Anchored by Jake Tapper, The Lead airs at 4 p.m. ET on CNN.
The latest on national protests. Plus, what went wrong in Yemen rescue attempt?
(CNN) – Where does the 1990's rank as a decade? Pretty high, according to National Geographic's three-part special "The 90's: The Last Great Decade?"
"There were a lot of good things that happened in the 90's. The economy was expanding, there (was a) push for more rights for people ... there was the expansion of the internet," says writer and journalist David Sirota, a contributor to the series.
The consequences of 1990's excess were not felt until after the decade was over, says Sirota.
"In hindsight, the 1990's looks like a time where the problems we faced were relatively small – the Cold War was over, we weren't at war, and we didn't face the kinds of problems, sizeably, that we face today," Sirota said.
The decade also saw the bust of the dot-com bubble. Many argue that the 1990's were a vacation from history, that an overall naivete pervaded the decade.
"We were deregulating Wall Street, and obviously that came crashing down in the financial collapse later," he said. "There were signs of threat of terrorism, ... there was Columbine, which I think was a warning on a lot of the gun issues that we're now still dealing with."
Celebrities, politicians, and other familiar faces of the 90's also contributed to the special, including Monica Lewinsky.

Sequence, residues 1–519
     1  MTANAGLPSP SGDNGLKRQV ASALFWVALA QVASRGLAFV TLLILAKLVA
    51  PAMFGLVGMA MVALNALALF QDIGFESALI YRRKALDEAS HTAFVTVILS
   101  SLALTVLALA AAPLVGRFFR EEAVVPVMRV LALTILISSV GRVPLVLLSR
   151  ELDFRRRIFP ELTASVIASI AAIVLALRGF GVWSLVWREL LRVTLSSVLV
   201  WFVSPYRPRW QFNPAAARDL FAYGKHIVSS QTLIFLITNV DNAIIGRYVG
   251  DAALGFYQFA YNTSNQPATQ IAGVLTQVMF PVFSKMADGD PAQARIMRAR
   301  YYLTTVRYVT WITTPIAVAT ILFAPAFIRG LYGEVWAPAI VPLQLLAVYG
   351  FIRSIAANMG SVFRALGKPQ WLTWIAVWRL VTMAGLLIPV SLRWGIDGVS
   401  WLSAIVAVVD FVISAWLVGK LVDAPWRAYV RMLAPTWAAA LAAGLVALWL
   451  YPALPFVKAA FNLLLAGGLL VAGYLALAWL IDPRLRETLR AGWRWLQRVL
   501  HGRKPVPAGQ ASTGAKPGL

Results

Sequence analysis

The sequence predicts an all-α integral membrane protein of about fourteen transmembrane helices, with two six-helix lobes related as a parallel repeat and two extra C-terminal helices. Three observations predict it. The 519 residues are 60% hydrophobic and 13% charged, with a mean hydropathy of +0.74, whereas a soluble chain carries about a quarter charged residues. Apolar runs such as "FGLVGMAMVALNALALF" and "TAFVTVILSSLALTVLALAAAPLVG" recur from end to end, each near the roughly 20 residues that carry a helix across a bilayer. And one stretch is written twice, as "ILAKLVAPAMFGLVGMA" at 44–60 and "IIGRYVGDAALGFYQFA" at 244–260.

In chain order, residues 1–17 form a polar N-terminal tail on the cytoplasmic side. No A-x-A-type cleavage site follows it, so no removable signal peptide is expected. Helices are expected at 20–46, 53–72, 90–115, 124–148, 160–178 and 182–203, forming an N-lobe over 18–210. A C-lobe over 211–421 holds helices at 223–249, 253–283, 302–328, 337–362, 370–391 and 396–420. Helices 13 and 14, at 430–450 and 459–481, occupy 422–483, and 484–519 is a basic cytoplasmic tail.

"To have my narrative ripped from me, and turned into the Starr report, and things that were turned over, or things they delved out of my computer, that I thought were deleted – I mean, it was just violation after violation," Lewinsky says in the series.
"What she reminds us of, is that was really a time when tabloid news became political news," said Sirota. "The boundaries between what we call tabloid news and quote-unquote serious news, they sort of blurred into what we have now."
Lewinsky contributed to that blurring, as did the Tonya Harding-Nancy Kerrigan scandal, the O.J. Simpson trial, and Princess Diana's death, says Sirota.
The pervasive, 24-hours news cycle mixing tabloid news and serious news is "actually exacerbated now by the fact that the technology that came out of the 1990's, with the internet, then ultimately became the internet in your pocket, and everybody can post video," said Sirota.
The series airs Sunday, July 6, at 9 p.m. on National Geographic.